Straw poll bill passes House, moves to Senate
ANNAPOLIS — Legislation to put a straw poll on the November ballot in Queen Anne’s County to gauge public opinion on how county commissioners are elected has won final approval in the Maryland House of Delegates.
HB 1344 was passed on third reader by the House on Thursday, March 31, said sponsor Del. Steve Arentz, R-36-Queen Anne’s. It will now be taken up by a State Senate committee and then go to the full Senate.
Before sending the bill to the full House on March 29, the House Ways and Means Committee amended it to remove one of the two ques- tions that would have been asked in the straw poll.
The original legislation sought to have questions asking the public for its opinion on whether commissioners should be elected by district and be elected to staggered terms.
Arentz said the Ways and Means Committee removed the question about staggered terms, which means that if the bill is ultimately approved and signed, voters will only be asked in the November straw poll about electing commissioners by districts.
He said committee members deleted the staggered
election question because it would have required an amendment to the Maryland Constitution.
“I don’t think they were prepared to let me do that this time, even in a straw poll,” Arentz said.
George “Smokey” Sigler, president of the Queen Anne’s County Council of Governments, which unanimously backs the straw poll, said the committee approval is a step in the right direction.
“I’m very happy it’s moving forward,” he said. “All we want is to let the people decide. We want them to have the opportunity to vote on an important issue like this.”
The results of the straw poll would be non-binding and are designed only to measure public opinion on whether the matter should go forward. It would ask if residents want commissioners elected only by the voters in the district in which they live, with the at-large commissioner continuing to be voted on county-wide. An actual vote on the question, however, would not appear on this November’s ballot.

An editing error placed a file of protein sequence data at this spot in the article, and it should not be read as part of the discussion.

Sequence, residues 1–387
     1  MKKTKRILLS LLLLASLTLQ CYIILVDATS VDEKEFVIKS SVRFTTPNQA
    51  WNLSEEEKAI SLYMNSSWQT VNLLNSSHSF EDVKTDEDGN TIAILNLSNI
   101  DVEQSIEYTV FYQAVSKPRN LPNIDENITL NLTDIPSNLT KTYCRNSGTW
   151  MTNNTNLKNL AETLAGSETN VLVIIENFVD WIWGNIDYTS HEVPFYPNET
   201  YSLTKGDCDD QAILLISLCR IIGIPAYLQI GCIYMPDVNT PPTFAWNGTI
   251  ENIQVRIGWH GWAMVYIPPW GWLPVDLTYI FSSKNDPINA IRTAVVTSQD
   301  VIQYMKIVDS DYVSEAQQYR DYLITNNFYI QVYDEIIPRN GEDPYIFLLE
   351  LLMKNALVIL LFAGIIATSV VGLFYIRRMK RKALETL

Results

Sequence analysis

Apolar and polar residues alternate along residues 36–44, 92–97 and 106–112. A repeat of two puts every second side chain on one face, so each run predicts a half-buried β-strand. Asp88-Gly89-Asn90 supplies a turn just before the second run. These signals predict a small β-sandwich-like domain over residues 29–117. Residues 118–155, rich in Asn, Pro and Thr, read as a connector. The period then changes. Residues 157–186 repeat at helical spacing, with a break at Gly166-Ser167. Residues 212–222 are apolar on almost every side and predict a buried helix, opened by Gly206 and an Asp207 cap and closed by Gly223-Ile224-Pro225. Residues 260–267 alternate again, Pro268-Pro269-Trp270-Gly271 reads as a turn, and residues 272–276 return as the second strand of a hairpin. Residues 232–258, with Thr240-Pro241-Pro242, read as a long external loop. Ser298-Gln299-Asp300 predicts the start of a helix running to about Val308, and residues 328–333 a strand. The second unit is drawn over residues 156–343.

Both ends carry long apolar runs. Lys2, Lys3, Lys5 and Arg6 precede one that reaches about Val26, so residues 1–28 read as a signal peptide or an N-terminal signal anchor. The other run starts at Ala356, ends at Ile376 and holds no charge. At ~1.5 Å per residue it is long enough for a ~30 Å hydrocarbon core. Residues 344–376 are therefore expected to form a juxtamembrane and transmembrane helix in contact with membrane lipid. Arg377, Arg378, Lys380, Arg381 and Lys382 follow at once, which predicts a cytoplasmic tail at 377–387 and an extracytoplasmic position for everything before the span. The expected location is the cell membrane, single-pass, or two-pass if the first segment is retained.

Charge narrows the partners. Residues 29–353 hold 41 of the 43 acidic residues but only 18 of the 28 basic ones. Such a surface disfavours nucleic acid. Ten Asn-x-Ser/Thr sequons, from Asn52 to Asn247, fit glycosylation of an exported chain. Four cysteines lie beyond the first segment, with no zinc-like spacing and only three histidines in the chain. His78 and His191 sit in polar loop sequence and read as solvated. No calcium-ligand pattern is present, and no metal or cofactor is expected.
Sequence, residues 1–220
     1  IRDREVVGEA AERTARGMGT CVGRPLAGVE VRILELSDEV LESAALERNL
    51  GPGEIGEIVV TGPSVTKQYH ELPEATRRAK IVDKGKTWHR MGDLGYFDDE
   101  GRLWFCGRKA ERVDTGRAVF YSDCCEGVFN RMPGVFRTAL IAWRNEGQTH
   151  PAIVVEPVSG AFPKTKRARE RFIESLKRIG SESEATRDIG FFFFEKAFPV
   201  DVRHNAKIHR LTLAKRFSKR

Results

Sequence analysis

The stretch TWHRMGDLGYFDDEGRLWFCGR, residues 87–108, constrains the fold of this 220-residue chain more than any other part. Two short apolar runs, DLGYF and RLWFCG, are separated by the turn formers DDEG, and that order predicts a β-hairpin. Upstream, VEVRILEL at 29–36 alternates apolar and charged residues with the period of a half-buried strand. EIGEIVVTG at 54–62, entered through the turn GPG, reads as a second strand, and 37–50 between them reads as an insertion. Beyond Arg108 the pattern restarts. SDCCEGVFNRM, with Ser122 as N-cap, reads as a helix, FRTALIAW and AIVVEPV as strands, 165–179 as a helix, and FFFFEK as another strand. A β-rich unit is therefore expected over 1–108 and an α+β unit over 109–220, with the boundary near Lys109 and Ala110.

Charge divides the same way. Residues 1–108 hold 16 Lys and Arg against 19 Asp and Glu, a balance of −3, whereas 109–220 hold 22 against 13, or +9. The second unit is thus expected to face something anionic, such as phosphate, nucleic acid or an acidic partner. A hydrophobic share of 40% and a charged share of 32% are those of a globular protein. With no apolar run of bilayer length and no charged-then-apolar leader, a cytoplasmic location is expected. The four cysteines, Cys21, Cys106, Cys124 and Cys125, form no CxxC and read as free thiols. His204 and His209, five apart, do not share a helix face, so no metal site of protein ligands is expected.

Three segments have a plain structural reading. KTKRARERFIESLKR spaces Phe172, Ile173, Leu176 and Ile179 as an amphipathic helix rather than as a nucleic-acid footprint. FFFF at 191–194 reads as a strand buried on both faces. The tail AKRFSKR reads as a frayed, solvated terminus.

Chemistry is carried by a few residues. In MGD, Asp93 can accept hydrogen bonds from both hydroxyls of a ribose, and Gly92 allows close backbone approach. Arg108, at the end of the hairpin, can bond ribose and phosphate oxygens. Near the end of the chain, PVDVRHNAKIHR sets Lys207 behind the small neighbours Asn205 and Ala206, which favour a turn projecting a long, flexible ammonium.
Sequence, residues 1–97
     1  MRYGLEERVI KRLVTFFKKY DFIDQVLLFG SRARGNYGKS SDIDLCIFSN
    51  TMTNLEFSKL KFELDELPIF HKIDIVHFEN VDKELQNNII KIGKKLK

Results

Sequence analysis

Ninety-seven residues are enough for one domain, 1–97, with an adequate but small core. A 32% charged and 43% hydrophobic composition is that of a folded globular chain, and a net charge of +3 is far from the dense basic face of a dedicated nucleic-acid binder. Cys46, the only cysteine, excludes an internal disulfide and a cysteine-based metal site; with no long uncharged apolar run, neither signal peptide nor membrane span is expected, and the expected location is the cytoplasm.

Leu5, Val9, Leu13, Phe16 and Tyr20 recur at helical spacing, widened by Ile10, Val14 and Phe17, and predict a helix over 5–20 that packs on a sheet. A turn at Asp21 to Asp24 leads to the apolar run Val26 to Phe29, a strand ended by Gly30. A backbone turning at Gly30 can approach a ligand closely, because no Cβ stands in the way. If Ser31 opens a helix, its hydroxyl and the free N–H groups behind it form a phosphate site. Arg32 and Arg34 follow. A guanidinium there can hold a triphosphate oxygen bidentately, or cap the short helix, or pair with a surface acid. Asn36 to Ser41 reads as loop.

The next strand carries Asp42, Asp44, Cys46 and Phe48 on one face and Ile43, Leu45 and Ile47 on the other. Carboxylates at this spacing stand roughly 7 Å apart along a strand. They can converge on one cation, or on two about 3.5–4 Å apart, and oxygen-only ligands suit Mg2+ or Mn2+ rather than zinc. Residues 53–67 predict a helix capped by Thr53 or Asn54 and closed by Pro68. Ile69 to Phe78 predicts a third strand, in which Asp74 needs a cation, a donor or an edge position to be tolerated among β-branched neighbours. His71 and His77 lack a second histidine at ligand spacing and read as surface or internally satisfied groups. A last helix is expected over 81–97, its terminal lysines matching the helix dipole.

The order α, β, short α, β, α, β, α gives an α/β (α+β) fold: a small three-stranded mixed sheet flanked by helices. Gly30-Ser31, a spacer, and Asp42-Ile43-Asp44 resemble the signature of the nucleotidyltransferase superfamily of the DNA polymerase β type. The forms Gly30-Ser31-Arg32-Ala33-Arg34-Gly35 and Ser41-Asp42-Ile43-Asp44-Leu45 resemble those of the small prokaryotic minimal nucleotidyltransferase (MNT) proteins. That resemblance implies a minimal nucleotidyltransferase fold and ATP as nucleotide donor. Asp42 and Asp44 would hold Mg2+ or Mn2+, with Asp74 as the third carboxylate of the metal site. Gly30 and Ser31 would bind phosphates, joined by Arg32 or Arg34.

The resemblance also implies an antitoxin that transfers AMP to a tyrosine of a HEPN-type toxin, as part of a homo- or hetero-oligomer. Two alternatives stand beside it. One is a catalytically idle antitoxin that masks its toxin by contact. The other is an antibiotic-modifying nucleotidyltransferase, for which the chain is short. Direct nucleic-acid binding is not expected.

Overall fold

The non-partisan Department of Legislative Services said in its fiscal and policy analysis of the legislation that the straw poll would not affect the finances of either Queen Anne’s County or the State of Mary- land. It also referred to the requirements of the Maryland State Constitution pertaining to the election of state and county officials.
“Subject to exemptions for Cecil County (which changed its commissioner election process several years ago) and members of any elective local board of education, the Maryland Constitution requires that state and county elected officials hold office for terms of four years and be elected every four years during the gubernatorial elections,” Legislative Services wrote.
The staggered elections process, as envisioned by the COG, would have some commissioners elected during a gubernatorial election year and others elected in a presidential election year so that there could not be a turnover of an entire board of commissioners at one time.
When the Ways and Means Committee held its hearing on the Arentz bill on Wednesday, March 9, it was given a number of documents, including letters from County Commissioners Jim Moran, Jack Wilson, and Robert Buckey in which they said they were in favor of putting the straw poll on the ballot. Buckey said that even though he supports the straw poll, he does not favor elections by district or on a staggered basis.
As of Friday, April 1, there are 11 calendar days, including weekends, before the General Assembly ends on the night of Monday, April 11.
If the legislation is approved it would take effect on July 1.